America to say we are not going back, we are not slipping back to those dark days.” The evidence so far indicates that, while racism is behind some of the burnings, most are motivated by other factors. The federal Bureau of Alcohol, Tobacco and Firearms cites 123 cases of arson at houses of worship in 27 states during the past five years, 38 in black churches. One white Protestant is blamed for fires in 31 white Protestant churches and a Catholic church. Twelve fires at synagogues are attributed to a man with a Jewish family background.
In Alabama alone, state Fire Marshal John Robison lists 37 churches destroyed by fire since 1990—19 black, 18 white. Five fires in black churches are still under inves-
tigation. Of the others, says Robison, “in most cases, fires were started to conceal other crimes inside the church”—usually burglary. Arrests include 23 whites and nine black suspects.
Despite the numbers, black activists argue that the fiery attacks on the central institutions of black communities do reflect a “slipping back” in a current trend to dismantle such civil rights reforms as welfare
and affirmative action rules that assist minorities. Only last week, the U.S. Supreme Court outlawed the designing of electoral districts to assure black representation in Congress. As Jesse Jackson put it: “The blue suits in Congress are engaging in anti-civil rights legislation,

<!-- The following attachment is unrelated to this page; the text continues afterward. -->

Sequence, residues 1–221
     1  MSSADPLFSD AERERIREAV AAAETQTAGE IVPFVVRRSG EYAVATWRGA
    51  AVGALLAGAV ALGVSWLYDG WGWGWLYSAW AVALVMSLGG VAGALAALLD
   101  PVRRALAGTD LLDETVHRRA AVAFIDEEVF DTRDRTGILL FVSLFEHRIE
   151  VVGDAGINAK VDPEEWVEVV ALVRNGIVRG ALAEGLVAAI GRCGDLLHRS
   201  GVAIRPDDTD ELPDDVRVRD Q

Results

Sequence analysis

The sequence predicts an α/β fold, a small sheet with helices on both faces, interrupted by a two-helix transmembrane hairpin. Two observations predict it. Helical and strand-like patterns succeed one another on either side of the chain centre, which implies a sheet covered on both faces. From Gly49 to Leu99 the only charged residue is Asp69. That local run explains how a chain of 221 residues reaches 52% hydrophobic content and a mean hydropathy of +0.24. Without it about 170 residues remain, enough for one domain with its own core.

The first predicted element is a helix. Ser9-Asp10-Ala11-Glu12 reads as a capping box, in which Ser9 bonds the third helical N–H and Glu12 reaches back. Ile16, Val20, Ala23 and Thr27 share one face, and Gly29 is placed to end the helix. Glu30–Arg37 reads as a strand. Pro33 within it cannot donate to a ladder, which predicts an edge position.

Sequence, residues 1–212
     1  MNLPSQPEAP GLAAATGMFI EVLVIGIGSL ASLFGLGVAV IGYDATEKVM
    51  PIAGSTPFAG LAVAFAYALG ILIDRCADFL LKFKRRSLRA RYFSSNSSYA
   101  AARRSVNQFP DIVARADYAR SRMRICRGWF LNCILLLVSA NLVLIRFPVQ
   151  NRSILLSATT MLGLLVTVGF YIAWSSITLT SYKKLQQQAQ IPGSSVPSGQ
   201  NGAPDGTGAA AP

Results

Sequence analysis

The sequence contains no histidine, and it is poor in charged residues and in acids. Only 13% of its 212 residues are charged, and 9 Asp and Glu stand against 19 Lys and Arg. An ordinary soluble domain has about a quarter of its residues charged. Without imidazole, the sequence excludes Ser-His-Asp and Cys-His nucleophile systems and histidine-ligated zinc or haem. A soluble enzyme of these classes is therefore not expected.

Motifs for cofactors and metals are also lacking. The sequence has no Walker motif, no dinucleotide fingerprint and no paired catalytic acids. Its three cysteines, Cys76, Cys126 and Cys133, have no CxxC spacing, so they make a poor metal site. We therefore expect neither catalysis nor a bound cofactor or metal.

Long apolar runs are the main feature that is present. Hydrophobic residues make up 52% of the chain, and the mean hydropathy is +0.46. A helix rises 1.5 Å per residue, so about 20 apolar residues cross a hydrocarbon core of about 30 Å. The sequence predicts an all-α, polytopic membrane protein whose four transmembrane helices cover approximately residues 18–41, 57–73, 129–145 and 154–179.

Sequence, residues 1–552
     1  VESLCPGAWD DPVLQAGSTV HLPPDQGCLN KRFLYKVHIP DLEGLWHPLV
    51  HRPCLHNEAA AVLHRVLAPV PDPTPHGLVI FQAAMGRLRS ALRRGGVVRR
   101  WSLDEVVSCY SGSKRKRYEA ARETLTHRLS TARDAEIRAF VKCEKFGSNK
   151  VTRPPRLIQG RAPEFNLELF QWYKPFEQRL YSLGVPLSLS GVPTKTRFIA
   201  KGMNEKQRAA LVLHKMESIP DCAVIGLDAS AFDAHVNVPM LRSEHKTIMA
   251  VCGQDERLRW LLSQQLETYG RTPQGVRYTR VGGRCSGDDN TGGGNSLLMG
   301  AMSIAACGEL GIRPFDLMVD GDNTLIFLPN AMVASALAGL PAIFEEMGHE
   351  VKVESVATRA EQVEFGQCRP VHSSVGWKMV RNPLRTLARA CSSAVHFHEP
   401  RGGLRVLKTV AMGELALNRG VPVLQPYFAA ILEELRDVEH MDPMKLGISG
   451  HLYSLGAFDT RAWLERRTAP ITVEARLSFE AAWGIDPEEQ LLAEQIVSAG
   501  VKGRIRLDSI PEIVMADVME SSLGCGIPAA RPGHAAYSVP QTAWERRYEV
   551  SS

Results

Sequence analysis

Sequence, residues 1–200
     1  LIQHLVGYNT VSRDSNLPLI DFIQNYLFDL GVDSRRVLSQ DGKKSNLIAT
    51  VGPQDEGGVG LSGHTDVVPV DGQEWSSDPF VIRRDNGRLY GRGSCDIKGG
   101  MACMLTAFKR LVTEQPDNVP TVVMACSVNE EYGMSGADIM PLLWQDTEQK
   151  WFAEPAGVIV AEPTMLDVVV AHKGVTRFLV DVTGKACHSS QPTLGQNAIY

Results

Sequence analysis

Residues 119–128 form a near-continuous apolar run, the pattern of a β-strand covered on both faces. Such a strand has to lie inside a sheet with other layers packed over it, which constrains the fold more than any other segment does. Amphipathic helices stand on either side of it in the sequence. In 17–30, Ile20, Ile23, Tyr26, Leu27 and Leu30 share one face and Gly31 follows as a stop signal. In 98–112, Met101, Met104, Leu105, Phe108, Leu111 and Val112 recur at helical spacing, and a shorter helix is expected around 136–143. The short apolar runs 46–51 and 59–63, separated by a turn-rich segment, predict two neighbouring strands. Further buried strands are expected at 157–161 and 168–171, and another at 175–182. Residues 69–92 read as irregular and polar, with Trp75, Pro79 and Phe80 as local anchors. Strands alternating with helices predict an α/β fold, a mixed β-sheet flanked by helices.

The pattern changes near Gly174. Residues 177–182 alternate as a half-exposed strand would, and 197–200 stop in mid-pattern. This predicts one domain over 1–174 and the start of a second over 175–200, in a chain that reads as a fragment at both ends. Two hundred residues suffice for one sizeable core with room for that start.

the black robes are handing out restrictive rulings and the white sheets are doing the burning.”
In Montgomery’s Dexter Avenue Baptist Church, once Martin Luther King’s pastorate and a cradle of the civil rights revolution, Deacon Richard Jordan is guarded in laying direct blame. But he faults Republicans in Congress for fostering a negative atmosphere. “These far-right groups really don’t help the situation,” he says. “The Newt Gingrich tone of voice never helped, the Bob Dole tone of voice doesn’t help. We need a more moderate tone.” But for the virulent racists who attack churches with fire in the dark of night, moderation is a foreign word. □